I am a
Home I AM A Search Login

Papers of the Week


2021 Apr 01


J Clin Med


10


7

Changes in Back Pain Scores after Bariatric Surgery in Obese Patients: A Systematic Review and Meta-Analysis.

Authors

Abstract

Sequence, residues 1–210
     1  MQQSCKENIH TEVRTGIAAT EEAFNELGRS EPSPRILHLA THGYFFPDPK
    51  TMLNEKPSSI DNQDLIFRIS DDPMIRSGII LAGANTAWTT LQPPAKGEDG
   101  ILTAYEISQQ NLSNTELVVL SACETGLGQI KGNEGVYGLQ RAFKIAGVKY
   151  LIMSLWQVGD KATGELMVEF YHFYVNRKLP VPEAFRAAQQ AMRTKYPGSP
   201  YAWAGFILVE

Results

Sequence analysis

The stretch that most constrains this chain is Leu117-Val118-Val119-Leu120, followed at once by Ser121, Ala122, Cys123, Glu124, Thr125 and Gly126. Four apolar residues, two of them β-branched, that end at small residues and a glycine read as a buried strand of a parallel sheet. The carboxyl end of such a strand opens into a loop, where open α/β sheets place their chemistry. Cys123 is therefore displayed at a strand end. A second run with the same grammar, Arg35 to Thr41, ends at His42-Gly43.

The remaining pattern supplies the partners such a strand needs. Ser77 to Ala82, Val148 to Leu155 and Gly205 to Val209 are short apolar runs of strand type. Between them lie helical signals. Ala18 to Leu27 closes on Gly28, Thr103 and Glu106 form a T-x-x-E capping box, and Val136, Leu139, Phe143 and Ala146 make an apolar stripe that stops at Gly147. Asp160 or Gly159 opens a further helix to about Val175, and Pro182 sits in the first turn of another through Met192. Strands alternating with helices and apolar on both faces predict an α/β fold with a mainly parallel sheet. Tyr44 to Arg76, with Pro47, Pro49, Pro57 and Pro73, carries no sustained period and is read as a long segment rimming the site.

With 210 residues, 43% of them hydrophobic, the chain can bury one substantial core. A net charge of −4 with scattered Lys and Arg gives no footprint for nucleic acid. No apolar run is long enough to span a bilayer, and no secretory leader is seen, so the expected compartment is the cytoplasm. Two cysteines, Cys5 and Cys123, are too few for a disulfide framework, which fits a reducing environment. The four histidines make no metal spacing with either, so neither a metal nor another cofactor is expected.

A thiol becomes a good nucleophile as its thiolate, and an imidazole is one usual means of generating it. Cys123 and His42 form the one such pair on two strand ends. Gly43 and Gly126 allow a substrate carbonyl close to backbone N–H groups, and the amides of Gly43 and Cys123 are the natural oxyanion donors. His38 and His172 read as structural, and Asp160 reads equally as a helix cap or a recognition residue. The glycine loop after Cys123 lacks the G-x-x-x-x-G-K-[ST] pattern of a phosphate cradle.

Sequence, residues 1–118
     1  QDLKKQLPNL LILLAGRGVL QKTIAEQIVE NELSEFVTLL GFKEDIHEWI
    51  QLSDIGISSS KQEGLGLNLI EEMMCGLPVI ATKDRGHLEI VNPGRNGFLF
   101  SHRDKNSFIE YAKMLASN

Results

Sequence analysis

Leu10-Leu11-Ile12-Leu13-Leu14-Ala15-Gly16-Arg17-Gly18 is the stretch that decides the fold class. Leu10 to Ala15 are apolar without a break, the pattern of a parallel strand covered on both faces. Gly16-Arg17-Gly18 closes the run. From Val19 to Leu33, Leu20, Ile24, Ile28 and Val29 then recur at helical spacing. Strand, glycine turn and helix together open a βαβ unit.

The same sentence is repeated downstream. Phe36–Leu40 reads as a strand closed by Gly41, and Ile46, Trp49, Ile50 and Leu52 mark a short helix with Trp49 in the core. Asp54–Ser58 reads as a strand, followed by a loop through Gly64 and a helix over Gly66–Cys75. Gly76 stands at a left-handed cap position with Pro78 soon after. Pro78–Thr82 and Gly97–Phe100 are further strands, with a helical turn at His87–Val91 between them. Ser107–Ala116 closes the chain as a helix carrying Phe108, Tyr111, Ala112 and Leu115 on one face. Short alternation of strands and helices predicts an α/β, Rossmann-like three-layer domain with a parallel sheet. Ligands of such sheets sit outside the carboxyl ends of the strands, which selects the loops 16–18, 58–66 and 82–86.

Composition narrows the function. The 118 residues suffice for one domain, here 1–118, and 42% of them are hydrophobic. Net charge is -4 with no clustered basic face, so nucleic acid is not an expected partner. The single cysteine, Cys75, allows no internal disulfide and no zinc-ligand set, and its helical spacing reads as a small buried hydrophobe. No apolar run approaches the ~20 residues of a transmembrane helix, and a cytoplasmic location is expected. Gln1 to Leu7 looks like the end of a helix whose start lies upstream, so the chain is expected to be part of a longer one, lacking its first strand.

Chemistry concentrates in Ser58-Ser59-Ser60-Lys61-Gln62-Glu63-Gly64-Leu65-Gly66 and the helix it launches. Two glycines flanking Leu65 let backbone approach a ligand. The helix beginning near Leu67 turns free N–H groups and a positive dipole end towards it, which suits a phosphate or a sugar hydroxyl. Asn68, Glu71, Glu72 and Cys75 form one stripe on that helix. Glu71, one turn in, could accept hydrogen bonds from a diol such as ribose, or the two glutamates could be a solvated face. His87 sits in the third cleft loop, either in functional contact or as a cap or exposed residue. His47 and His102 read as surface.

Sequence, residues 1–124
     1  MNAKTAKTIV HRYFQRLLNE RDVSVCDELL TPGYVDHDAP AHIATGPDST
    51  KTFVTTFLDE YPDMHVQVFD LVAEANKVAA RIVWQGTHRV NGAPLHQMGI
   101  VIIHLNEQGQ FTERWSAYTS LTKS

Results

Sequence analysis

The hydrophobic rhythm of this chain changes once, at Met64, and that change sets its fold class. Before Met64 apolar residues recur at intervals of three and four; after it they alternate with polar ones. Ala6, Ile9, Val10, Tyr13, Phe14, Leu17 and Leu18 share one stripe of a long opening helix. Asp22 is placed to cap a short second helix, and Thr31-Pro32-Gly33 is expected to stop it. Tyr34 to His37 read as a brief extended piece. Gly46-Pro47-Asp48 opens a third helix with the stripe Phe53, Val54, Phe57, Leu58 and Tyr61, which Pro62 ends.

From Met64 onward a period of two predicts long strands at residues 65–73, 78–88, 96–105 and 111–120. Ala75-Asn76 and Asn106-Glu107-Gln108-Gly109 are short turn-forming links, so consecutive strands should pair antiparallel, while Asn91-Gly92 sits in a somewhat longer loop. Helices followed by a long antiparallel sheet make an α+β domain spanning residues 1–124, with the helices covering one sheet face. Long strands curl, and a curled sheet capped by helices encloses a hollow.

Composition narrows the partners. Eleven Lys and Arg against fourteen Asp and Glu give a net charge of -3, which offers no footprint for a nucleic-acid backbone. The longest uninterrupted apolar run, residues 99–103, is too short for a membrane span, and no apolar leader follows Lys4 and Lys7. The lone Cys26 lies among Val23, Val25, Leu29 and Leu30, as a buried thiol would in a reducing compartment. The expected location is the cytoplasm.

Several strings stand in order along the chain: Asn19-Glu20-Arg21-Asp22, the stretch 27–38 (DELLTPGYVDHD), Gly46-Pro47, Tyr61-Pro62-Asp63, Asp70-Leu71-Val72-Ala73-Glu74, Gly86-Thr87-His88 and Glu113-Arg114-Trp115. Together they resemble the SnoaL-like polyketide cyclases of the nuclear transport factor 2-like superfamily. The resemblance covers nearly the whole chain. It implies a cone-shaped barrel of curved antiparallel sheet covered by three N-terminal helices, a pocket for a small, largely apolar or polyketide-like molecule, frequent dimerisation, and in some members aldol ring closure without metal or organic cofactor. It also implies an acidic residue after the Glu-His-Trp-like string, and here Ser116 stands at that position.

Bariatric surgery produces significant and quantifiable reductions in back pain. However, there is a lack of information on the association of weight changes after bariatric surgery with changes in pain score. We aim to evaluate the impact of bariatric surgery on back pain in obese patients and to address the association between changes in body mass index (BMI) and pain score. In obese patients eligible for bariatric surgery, the changes in pre- and post-operative pain scores, assessed by the Numeric Rating Pain Scale (NPS) or Visual Analogue Scale (VAS), were considered as primary outcomes. Mean difference (MD) and their 95% confidence intervals (CI) were evaluated. Eight cohort studies were included in the analysis of 298 obese patients undergoing bariatric surgery. All studies showed a reduction in back pain, with a mean change of -2.9 points in NPS and of -3.8 cm in VAS. There was a significant reduction in back pain (NPS: (MD = -3.49) (95% CI = -3.86, -3.12); VAS: MD = -3.75, (95% CI = -4.13, -3.37)) and BMI (MD = -12.93, (95% CI = -13.61, -12.24)) following bariatric surgery. No significant relationship between BMI change and decrease in clinical scores could be established. However, it was evident that bariatric surgery had a significant effect on back pain scores in severely obese patients. Ideally, a prospective study including spinal imaging, inflammatory markers, a longer follow-up period, and larger study groups with a randomized control group needs to be performed.